Mixx is open for lunch, Monday through Friday, from 11:30 a.m. to 10 p.m. and dinner, Monday through Sunday from 4 p.m.

Anyone who's eaten there: How was it? Let us know!

420 Castro. St, Mountain View
What is it worth to you?


Posted by Max Hauser, a resident of Old Mountain View,
on Sep 15, 2014 at 12:07 pm

I'd call it very promising so far, a new menu concept for the neighborhood, "comfort-food" offerings from many and diverse cuisines. (I'm expecting to eat there again today.)

But keep in mind, Mixx just barely opened. Yes, the new paint is dry, the POS computer is up, most of the recent hires are trained (the restaurant kept much of its former server, kitchen, and bar staff, and acquired at least one new "star" bartender from elsewhere in the neighborhood, named JJ).

But diners who want a typical experience of what the new place is likely to deliver to most of its customers for the rest of its lifetime should wait at least 2-3 months, for everything to settle down and any bugs get worked out. Just as the Voice/Weekly waits three months (by policy) before sending journalists to new restaurants to write reviews.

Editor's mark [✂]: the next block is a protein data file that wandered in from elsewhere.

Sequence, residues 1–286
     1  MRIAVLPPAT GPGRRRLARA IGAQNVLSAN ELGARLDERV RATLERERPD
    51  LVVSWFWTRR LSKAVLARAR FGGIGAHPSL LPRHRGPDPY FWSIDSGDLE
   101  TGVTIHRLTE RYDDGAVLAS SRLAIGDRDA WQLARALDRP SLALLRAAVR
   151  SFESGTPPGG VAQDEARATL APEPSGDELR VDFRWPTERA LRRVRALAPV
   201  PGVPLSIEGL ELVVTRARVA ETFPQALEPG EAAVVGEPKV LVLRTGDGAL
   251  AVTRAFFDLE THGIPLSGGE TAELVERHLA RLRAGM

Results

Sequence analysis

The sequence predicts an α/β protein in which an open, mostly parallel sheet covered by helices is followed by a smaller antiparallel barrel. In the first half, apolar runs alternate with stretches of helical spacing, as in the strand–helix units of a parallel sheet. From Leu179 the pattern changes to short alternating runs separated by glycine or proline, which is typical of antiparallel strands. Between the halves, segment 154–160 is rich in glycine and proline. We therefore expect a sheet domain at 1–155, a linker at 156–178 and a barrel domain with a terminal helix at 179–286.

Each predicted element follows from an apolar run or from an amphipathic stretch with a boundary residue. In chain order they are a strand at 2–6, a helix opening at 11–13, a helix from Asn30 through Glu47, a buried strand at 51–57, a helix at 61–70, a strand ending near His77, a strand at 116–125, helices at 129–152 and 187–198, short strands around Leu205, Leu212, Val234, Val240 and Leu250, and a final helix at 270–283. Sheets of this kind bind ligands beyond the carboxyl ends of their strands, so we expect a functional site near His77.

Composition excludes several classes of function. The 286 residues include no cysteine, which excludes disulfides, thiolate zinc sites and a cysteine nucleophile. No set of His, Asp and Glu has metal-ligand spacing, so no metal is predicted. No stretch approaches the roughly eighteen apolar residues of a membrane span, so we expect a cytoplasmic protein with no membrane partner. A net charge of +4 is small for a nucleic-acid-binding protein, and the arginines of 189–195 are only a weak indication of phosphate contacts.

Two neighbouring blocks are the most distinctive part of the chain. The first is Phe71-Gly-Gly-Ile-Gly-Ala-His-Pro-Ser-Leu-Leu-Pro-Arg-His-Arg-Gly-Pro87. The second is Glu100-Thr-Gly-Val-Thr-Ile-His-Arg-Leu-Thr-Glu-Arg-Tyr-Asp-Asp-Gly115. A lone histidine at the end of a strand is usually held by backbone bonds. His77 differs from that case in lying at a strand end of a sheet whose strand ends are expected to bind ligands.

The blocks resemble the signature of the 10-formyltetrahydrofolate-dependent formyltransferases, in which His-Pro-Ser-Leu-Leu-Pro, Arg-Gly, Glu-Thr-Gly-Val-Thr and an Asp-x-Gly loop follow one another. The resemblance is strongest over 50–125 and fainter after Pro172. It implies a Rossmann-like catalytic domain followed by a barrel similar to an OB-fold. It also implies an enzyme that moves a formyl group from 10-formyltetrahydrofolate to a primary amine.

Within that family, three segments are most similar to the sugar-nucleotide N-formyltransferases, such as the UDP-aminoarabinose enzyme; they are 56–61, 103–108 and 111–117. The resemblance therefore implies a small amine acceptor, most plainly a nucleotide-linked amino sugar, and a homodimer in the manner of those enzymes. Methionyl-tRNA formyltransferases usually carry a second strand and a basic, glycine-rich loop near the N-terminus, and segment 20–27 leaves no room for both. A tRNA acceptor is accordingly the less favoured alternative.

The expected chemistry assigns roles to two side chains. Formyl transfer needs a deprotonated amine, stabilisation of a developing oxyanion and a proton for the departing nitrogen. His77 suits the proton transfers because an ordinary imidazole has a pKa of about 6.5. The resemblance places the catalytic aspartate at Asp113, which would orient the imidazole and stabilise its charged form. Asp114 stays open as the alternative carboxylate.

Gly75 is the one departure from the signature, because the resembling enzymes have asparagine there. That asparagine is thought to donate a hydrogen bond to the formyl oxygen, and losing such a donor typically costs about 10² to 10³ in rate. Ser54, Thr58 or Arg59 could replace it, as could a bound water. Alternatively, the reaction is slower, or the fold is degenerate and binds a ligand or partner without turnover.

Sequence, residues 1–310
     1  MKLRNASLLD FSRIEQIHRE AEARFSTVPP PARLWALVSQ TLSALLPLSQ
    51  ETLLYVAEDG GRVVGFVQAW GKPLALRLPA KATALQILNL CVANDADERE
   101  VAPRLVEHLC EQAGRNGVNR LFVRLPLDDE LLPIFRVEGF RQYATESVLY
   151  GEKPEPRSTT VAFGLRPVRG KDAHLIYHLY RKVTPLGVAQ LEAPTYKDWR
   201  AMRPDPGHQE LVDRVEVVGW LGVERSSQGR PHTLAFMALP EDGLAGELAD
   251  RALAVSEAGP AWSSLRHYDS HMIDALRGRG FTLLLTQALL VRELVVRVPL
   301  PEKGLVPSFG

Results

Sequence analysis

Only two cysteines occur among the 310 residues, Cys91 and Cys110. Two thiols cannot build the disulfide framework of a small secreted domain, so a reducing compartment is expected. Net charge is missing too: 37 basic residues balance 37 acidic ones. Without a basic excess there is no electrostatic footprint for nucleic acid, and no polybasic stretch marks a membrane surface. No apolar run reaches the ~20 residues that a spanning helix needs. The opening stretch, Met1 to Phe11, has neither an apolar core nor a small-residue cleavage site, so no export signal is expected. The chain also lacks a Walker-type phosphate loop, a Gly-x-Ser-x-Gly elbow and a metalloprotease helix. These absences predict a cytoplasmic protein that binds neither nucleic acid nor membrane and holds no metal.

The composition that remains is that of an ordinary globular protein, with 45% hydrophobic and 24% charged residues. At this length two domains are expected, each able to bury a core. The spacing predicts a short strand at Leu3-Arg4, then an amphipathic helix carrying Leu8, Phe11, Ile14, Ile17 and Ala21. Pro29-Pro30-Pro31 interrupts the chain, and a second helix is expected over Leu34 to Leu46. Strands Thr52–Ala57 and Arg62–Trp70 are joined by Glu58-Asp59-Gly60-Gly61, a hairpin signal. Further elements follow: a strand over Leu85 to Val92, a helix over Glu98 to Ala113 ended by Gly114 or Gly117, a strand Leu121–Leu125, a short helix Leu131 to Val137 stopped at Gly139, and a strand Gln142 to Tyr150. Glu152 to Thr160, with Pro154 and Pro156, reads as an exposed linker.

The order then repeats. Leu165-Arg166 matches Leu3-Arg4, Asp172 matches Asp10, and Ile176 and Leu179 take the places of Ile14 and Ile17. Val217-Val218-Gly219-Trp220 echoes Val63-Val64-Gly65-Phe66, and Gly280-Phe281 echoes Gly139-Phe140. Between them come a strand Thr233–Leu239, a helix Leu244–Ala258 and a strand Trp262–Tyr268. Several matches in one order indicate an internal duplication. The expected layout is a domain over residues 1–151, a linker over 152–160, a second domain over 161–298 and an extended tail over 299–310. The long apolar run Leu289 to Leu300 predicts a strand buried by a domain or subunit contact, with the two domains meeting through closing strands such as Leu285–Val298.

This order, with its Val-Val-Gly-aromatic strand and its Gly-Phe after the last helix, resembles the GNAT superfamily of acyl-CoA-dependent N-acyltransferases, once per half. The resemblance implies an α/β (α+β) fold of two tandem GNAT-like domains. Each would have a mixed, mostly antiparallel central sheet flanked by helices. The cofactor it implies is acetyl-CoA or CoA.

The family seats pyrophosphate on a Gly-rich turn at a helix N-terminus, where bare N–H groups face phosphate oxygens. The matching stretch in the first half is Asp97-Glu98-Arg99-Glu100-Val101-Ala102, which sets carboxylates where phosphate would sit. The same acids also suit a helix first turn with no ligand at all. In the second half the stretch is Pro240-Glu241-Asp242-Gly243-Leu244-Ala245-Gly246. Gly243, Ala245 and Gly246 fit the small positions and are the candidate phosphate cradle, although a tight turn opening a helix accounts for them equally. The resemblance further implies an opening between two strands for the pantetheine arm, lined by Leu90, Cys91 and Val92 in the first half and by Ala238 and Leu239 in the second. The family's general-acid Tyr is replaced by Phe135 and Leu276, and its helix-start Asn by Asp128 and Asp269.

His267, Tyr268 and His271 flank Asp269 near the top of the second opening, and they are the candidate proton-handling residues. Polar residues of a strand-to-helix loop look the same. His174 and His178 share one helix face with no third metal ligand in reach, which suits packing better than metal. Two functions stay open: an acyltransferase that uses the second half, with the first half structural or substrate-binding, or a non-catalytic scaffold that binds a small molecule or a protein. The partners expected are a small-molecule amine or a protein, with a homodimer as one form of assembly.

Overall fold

Otherwise, some people will predictably encounter new-restaurant hiccups, then report those to friends (not to mention, online), as if they were typical experiences useful for other prospective customers in the future. They're not, it's misleading to make long-term judgments from a newly opened restaurant. Misleading to potential customers (not just unfair to the restaurant).

Posted by AlexDeLarge, a resident of Midtown,
on Sep 16, 2014 at 9:59 pm

I had an appetizer there. The lamb/beef meatballs. Slurping delicious!

Posted by Paul, a resident of another community,
on Sep 17, 2014 at 4:01 pm

Hmm. I've just read their menu and it is indeed a big mix. Too much so. I might check them out at Happy Hour, but otherwise, I'm not rushing in there. Disappointing.

Posted by JeffM, a resident of Old Mountain View,
on Sep 17, 2014 at 4:11 pm

Paul - what in the heck is "disappointing" when you have not eaten there? The menu seems too various?? You're turning up your nose based on that? Foul! Readers, please note the sage advice from Max H also posted here.